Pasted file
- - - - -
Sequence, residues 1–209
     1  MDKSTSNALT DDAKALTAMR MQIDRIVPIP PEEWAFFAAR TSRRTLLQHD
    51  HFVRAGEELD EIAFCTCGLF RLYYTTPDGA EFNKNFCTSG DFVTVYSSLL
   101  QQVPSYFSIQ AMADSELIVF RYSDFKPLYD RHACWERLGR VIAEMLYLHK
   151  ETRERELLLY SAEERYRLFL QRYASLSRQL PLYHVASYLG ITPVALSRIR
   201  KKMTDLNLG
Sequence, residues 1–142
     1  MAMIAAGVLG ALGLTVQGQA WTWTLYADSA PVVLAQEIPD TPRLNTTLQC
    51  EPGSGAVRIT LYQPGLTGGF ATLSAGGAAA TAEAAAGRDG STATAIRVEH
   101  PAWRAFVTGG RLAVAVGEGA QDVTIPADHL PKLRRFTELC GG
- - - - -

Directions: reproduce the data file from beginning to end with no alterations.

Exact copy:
Sequence, residues 1–209
     1  MDKSTSNALT DDAKALTAMR MQIDRIVPIP PEEWAFFAAR TSRRTLLQHD
    51  HFVRAGEELD EIAFCTCGLF RLYYTTPDGA EFNKNFCTSG DFVTVYSSLL
   101  QQVPSYFSIQ AMADSELIVF RYSDFKPLYD RHACWERLGR VIAEMLYLHK
   151  ETRERELLLY SAEERYRLFL QRYASLSRQL PLYHVASYLG ITPVALSRIR
   201  KKMTDLNLG
Sequence, residues 1–142
     1  MAMIAAGVLG ALGLTVQGQA WTWTLYADSA PVVLAQEIPD TPRLNTTLQC
    51  EPGSGAVRIT LYQPGLTGGF ATLSAGGAAA TAEAAAGRDG STATAIRVEH
   101  PAWRAFVTGG RLAVAVGEGA QDVTIPADHL PKLRRFTELC GG